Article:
by Gail Z. Martin
Reviewed by Coral
When his family is murdered by his older half-brother, Prince Martris Drayke must flee to save his life. The mage, Foor Arontala, who serves his brother is seeking to awaken an old and evil wizard and only Tris' developing powers can stop him.
The only hope Tris has in stopping Arontala lies in making it to his uncle's kingdom. There he can raise the army that he needs to overthrow his brother, Jared, and defeat Arontala. But the journey will be treacherous. Dark beasts have been called back into the world and all manner of things are drawn to Tris' power. But the greatest challenge may lie in Tris' heart. To become a good wizard he must make the right choice; is he looking for justice? Or revenge?
I have read a lot of books about quests/journeys/treks and have found many of them to be very tiresome. Thankfully this one had a more lively feel to it despite the fact that a lot of characters took up quests; besides Tris there were two other characters or groups of characters on their own individual quests. Out of all of them, I was only disappointed with how one of the quests ended up (that of Kiara Sharqsequin's).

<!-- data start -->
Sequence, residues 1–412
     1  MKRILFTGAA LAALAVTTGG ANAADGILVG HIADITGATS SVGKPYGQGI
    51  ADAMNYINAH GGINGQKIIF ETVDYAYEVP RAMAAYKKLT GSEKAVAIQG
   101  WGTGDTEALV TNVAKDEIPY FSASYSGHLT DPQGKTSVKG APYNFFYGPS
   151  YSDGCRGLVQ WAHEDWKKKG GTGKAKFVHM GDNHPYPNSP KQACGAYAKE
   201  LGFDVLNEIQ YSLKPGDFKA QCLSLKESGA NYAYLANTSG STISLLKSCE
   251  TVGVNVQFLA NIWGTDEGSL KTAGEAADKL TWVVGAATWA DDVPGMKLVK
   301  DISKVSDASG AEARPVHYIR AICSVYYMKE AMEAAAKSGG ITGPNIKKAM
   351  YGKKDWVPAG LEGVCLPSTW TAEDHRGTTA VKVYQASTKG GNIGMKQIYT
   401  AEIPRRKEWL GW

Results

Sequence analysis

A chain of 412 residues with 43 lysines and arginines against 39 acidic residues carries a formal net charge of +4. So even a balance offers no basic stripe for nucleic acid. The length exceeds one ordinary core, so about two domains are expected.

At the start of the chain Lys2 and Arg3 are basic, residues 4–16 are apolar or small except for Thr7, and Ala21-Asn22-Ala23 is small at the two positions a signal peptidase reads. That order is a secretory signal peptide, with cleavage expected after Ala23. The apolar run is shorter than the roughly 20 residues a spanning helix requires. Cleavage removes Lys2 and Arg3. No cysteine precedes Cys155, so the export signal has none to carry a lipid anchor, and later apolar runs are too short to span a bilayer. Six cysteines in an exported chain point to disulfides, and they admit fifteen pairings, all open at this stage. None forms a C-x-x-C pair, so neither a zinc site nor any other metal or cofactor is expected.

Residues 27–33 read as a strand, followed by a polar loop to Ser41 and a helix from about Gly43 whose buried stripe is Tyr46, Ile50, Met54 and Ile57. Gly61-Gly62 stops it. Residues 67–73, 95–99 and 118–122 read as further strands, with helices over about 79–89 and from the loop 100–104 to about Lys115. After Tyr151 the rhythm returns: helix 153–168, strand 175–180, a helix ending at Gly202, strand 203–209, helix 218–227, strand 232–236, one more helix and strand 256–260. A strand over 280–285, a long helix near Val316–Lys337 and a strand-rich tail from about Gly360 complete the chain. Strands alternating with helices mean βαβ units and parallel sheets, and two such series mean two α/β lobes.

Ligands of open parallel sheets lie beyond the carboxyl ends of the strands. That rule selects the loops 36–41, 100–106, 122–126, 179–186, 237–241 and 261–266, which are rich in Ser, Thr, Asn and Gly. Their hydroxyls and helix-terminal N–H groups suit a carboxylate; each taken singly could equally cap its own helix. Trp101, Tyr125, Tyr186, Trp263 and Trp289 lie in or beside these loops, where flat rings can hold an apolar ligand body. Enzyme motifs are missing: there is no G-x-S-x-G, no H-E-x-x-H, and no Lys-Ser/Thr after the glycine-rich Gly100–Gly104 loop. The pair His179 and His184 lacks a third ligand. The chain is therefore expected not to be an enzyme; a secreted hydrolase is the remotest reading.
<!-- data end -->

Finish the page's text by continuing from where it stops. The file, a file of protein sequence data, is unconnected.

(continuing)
Some of the characters felt like characters I had seen before: dark mage, independent Princess who will do as she wants, wizard just learning his powers.
It was also a little annoying how the author used new words for dragons and vampires but then used dragon and vampire one to make sure we knew what these new words meant. To me, that's just lazy. If you want to use a new word to mean dragon, then I better understand that it means dragon through your description of the animal and not because in one place you tell me it's a dragon. Same thing for vampire.
I also thought the plot point of Tris' earlier lessons on how to use his powers being magically blocked from his mind - though it was explained why in the book - was kind of a weak point for me as well. I don't see how that could have protected him as much as it weakened him by not knowing how to use his powers and endangering him in case he used them wrong.
Overall, it was a promising start to the series.